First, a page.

64 Regency Ancestors

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George Alexander Knott (1787-1865) & Rebecca Scott Boutell (1793-1877)
Charles Frederick Warman (1794 – 1866) & Jane Winder (1802 – 1869)
Joseph Webster (c1777 – 1833) & Jane Uings (?1779- )
George Evans (c1795-1842) & Jemima Drage (1801-1886)
Thomas Pike (1800 – 1865) & Jane Pike (1802 – 1882)
Robert Mather Watson (1801-1872) & Frances Pratt (1811-1894)
Thomas Homewood (1806 – 1885) & Louisa Stephenson (1806 – 1871)
John Brown (1808 – 1878) & Margaret Stolker Pattison (1812 – 1864)
John Holmes (1812 - 1868) & Jane Tomlinson (1816 - 1894)
Charles Moorby (1806 - 1873) & Sarah Cardus (1809 - 1884)
Thomas Gill (1789 - 1866) & Ann Lambert (1793 - 1876)
John Binns (1809 - 1890) & Sarah Emmott (c1813 - 1860)
Richard Fenning (1818 - 1881) & Elizabeth Pudney (1815 - 1884)
George Wilson (1826 - 1899) & Jane Walker (1825 - 1901)
Richard Hine (1804 – 1847) & Susan Treeby (1808 – 1870)
Nicholas Knox (1812 - 1885) & Mary Butler (1812 - 1852)
Thomas Jack (1788 - 1841) & Janet Carswell (1797 - 1870)
Robert Gardner (1801 - 1876) & Helen Alexander (1801 - 1880)
Richard Gibb (1795 - 1830) & Barbara Watson (1794 - 1865)
Cumming Naismith (1803 - 1860) & Ann Telfer (1811 - 1890)
Hugh Gray (1785 - 1839) & Violet Inglis (1787 - 1832)
James Taylor (1778 - 1852) & Jean Taylor (1784 - 1866)
James Gaff (1765 - 1837) & Helen Henderson (1774 - 1833)
Henry Gayford (1795 - 1858) & Sarah Clarke (1802 - 1884)
John Palmer (1800 - 1881) & Elizabeth Jessup (1810 - 1875)
Henry Smart (1805 - 1874) & Isabella Margaret Hutson (1807 - 1852)
William Lloyd (c1800 - 1882) & Elizabeth Northover (1799 - 1891)
Henry Ridley (1771 - 1853) & Jane Lee (c1773 - 1854)
Sarah Mingings (1796 – 1864) & Lancelot Bird (1792 - )
Thomas Moor (1787 - 1861) & Frances Coulthart (1787 - 1870)
William Lawson (1798 - 1847) & Jane Hind (1794 - 1872)
Tree showing descent from the above + mini-biographies of direct ancestors

Each of us has sixty-four great-great-great-great-grandparents, but only my children have the sixty-four here*. Rather than tracing back a long list of names, this site looks at the lives of one generation and offers a glimpse into British 19th century life. It delights me to think that, in the years leading up to the end of the Georgian Age in 1830, all of them were alive, spread out across this island from Edinburgh to Devon, and yet most of them did not know each other.

None of them is famous, but most are skilled tradesmen and/or literate, so they have all left records behind. Differing attitudes to illegitimacy; desperate attempts to be accepted into the middle classes; crime; national events; all form regular parts of their stories. Together they form a fascinating picture.

Genealogy has two attractions for me: the social history and the detective work. If some people just want to stick together larger and larger trees, even when all logic tells them that they cannot be true, let them; but they are missing the point and the enjoyment. Perhaps it shouldn't make us any more interested in the past simply because a distant relative is involved, but it does. And if the journey there involves putting together several separate pieces of evidence, so much the better: finding Richard Gibb's parents was an example of that.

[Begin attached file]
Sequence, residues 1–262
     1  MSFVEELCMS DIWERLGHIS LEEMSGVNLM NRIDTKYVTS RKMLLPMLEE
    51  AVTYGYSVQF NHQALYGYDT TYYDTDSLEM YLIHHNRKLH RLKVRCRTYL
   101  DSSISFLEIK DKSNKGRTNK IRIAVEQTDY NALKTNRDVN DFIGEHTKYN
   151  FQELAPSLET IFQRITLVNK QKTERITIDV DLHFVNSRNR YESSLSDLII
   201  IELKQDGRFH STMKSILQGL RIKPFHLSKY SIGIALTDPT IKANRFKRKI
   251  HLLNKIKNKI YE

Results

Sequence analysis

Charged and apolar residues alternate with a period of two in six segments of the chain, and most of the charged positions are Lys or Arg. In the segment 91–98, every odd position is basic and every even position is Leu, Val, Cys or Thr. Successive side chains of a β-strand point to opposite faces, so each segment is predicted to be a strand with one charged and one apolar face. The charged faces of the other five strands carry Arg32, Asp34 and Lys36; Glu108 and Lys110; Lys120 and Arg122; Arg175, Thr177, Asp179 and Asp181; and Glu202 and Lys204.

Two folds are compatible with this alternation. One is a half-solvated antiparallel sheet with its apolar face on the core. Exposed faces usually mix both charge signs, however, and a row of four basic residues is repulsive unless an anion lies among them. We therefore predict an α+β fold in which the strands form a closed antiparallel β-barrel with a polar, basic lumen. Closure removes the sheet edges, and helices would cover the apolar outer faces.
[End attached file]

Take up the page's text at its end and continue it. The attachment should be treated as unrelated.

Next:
Have I been fortunate in being able to find out so much? Probably; although the number of unpromising starts that eventually led to interesting places suggests that others could have similar success. That George Knott's biography is the longest and most detailed is partly down to his living in London; but more so because it was the first to be written and had the most time spent on it.

Richard Knott


The depth of red/yellow represents the amount of information and personal anecdotes that have been found for that individual. Over time most biographies will have more background detail on the area and local events added. This tends to be greater for those living in cities.

Most details
Many details
Reasonable details
Some details
Fewest details


I am happy for any information on this site to be used by others. All the research is original (with some helpful individuals on Rootschat finding a few important baptisms and other facts that eluded me - I hope I have credited them all in the footnotes), although I am used to some of it coming back to me as if discovered by others! I would be happy to hear of any errors that are spotted and delighted to know of any new information. In time, all the evidence behind the biographies will be published, but the first task is to get something down for each of them.

In the short term any contact will need to be via 'RJKnott' on Rootschat or directly using rjk AT canford.com

  • Actually only sixty-two as Richard Gibb and Barbara Watson appear twice.


Genealogical problems that still need solving


Although this site focuses almost exclusively on one generation, occasionally interesting families appear in earlier generations. These are some of those families:

The Mathers of Newcastle. Maternal ancestors to Robert Mather Watson
Christopher Watson: builder of the First Fleet ships and inventor of the floating dry dock. Paternal ancestor to Robert Mather Watson
The Stephensons: mapmakers and surgeons. Paternal ancestors to Louisa Martha Stephenson
The Wells: helping to build Cheltenham but then split by a scandal. Maternal ancestors to Louisa Martha Stephenson